Overview

Although childhood cancer is rare, it is the leading cause of death by disease among children in the United States. In 2014, it was estimated that 15,780 children and adolescents in the United States ages 0 to 19 years were diagnosed with cancer and that 17% of those will die of the disease. That number will continue to increase, given that the incidence of childhood cancer has been increasing by an annual average of 0.6% since the mid-1970’s.

While survival rates for most childhood cancers have improved, the improvement has been especially dramatic for a few cancers, particularly acute lymphoblastic leukemia the most common childhood cancer, and non-Hodgkin lymphoma which have seen survival rates improve from approximately 10% to 85% plus in recent decades.  Survival rates for less common cancers such as certain types of brain cancer and sarcomas are significantly lower.

Diagnosis

Childhood Cancer is on the increase, averaging 0.6% increase per year since mid 1970’s (1)
1 in 285 children are diagnosed with cancer (1)
43 children per day or 15,780 children per year are diagnosed with cancer (10,450 ages 0 to 14, and 5,330 ages 15 to 19) (1)
Average age at diagnosis is 6 years old, while adults’ average age is 66 (9)
There are 16 major types of pediatric cancers and over 100 subtypes.(1)

Survival

The average 5 year survival rate for childhood cancers when considered as a whole is 83%.(1,3)
Cancer survival rates vary not only depending upon the type of cancer, but also upon individual factors attributable to each child. (6)
Survival rates can range from almost 0% for cancers such as DIPG, a type of brain cancer, to as high as 90% for acute lymphoma leukemia (ALL), the most common type of childhood cancer. (1)
The average survival rate not including children with ALL is 80%. (1)
In 2010 there were 379,112 childhood cancer survivors in the United States. (1)
Approximately 1 in 530 young adults between the ages of 20 years and 39 years is a survivor of childhood cancers. (1)

Long Term Side-Effects Associated with Survival

More than 95% of childhood cancer survivors will have a significant health related issue by the time they are 45 years of age (2); these health related issues are side-effects of either the cancer or more commonly, its treatment. 1/3 rd. will suffer severe and chronic side effects; 1/3rd will suffer moderate to severe health problems; and 1/3rd will suffer slight to moderate side effects. (2)

Mortality

There are 71 life years lost on average when a child dies of cancer compared to 17 life years lost for adults. (1)
Cancer is the number one cause of death by disease among children. (4)
Thirty five percent of children diagnosed with cancer will die within 30 years of diagnosis. (8)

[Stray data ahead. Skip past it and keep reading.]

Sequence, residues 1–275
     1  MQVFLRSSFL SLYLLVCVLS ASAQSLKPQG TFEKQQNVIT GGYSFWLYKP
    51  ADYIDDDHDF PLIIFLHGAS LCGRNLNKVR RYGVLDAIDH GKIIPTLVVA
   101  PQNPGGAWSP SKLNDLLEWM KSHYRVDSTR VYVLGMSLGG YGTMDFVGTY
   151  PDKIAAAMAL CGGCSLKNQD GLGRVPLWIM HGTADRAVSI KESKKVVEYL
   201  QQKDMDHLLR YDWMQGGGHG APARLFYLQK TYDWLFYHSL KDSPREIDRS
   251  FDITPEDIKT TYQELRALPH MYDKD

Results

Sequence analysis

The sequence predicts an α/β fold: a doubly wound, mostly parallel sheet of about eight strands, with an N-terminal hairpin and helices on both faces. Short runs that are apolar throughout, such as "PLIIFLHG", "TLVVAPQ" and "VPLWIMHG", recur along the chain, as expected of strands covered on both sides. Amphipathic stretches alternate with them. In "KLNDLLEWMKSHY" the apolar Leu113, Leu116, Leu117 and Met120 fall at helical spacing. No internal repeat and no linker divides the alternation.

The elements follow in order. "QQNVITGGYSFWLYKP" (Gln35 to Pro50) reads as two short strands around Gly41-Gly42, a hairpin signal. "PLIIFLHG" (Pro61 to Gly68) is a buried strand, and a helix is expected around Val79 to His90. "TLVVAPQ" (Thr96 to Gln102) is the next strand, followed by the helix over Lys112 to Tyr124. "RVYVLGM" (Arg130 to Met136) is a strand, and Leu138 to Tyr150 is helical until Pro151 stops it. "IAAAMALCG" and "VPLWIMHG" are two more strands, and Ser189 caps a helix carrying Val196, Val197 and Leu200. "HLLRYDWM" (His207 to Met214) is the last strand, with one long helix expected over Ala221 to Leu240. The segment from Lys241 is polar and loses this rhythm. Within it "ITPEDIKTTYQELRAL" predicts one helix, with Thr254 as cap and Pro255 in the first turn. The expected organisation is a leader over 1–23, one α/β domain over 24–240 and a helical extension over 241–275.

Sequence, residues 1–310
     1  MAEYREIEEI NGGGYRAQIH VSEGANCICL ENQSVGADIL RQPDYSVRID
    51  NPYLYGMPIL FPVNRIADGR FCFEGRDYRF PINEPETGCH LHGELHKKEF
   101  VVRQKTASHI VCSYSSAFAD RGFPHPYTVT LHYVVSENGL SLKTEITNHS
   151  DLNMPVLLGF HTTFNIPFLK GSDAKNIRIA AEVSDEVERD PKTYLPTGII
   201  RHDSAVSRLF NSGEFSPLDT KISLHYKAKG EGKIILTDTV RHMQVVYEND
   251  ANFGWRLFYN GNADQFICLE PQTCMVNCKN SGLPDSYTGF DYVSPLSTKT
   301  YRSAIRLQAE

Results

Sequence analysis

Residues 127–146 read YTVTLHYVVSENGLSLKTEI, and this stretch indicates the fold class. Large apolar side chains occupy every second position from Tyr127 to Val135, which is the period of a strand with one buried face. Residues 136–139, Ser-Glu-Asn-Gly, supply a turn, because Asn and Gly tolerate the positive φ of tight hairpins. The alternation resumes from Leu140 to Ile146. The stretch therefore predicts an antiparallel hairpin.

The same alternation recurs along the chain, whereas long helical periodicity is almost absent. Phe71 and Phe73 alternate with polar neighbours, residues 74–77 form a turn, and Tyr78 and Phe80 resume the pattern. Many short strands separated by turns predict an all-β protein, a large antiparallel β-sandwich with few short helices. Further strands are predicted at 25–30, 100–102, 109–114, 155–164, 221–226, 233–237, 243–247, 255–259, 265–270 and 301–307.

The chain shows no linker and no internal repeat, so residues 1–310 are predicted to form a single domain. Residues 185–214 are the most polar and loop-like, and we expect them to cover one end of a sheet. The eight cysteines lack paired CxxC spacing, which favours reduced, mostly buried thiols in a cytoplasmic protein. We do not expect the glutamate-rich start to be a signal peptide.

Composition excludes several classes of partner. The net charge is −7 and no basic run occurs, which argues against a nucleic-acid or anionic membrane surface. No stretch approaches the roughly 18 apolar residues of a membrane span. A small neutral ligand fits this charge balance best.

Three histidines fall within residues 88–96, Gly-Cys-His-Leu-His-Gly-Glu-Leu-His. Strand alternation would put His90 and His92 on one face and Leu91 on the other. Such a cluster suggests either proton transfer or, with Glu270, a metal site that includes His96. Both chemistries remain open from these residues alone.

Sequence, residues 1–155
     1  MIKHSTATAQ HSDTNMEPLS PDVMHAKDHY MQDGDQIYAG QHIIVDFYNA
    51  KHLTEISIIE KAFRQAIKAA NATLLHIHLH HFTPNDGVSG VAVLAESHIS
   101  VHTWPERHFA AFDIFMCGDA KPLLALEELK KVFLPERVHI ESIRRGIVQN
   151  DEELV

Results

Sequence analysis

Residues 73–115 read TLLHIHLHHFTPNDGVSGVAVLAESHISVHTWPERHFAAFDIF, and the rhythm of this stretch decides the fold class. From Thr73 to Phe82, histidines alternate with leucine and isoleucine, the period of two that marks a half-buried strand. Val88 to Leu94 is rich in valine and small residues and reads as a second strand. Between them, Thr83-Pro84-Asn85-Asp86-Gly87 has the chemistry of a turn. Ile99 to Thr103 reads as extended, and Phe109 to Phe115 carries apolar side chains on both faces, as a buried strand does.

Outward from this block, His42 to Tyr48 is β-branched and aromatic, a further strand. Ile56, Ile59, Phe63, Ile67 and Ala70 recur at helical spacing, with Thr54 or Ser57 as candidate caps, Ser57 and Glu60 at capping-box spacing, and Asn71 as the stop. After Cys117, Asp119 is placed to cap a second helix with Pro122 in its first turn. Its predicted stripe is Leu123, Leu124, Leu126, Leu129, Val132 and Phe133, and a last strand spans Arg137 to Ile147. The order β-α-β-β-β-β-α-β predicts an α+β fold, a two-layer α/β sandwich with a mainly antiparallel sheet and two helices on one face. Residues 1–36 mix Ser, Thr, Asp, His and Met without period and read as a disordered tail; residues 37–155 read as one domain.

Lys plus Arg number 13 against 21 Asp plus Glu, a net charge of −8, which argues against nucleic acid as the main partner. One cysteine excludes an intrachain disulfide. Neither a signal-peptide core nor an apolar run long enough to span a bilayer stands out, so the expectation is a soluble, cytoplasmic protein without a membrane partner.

Among those children that survive to five years from diagnosis, 18% will die within 30 years of diagnosis. . (8)
Those that survive the five years have an eight times greater mortality rate due to the increased risk of liver and heart disease and increased risk for reoccurrence of the original cancer or of a secondary cancer. . (8)

Treatment, Research, Funding

Since 1980, only three new drugs, have been approved in the first instance for use in children including teniposide (1980) and clofarabine (2004), both used in the treatment of ALL, and dinutuximab (2015) to treat high-risk neuroblastoma. Additionally, only four more new drugs have been approved for use by both adults and children. All in all, it can be said that since 1980, less than 10 drugs have been developed for use in children – those specifically for children and those for both children and adults, compared to hundreds of drugs having been developed specifically for adults. Equally important, for many of the childhood cancers, the same treatments that existed in the 1970’s continue, without change as of 2014.(10)
The average cost of a stay in a hospital for a child with cancer is $40,000 per stay. (5)
On average, pediatric hospitalizations for cancer cost almost five times as much as hospitalizations for other pediatric conditions. (5)
For 2014, the National Cancer Institute (NCI) budget is $4.9 billion. It is anticipated that childhood cancer will receive 4% of that sum or $195 million. (7)
Prostate cancer (patient average age at diagnosis, 66 years), receives more research funding from NCI than all childhood cancers (patient average age at diagnosis, 6 years). (7)(1)

THIS DOCUMENT IS NOT INTENDED TO OFFER SPECIFIC STATISTICS REGARDING AN INDIVIDUAL PATIENT OR THE PATIENT’S SPECIFIC FORM OF CANCER AND IS NOT A SUBSTITUTE FOR INFORMATION THAT MAY BE SOUGHT FROM A PHYSICIAN. IT IS MERELY INTENDED, BASED ON INFORMATION PRESENTLY AVAILABLE TO THE AUTHORS, TO BE A GOOD FAITH GENERAL PRESENTATION OF CHILDHOOD CANCER STATISTICS THAT MAY BE HELPFUL TO OTHERS SEEKING SUCH GENERAL INFORMATION.

Sources:

1 American Cancer Society, Childhood and Adolescent Cancer Statistics, 2014
2 St. Jude’s, (JAMA. 2013:309 [22]: 2371-2381)
3 American Cancer Society: Declining Childhood and Adolescent Cancer Mortality, Cancer 2014
4 National Vital Statistics Report, vol. 62.6, December 20, 2013
5 Healthcare Cost and Utilization Project (HCUP), Statistical Brief #132, Pediatric Cancer Hospitalizations 2009
6 American Society of Clinical Oncology
7 The National Cancer Institute
8 Journal of the National Cancer Institute “Cause-Specific Late Mortality Among 5 Year Survivors”
9 CureSearch .org Cancer Statistics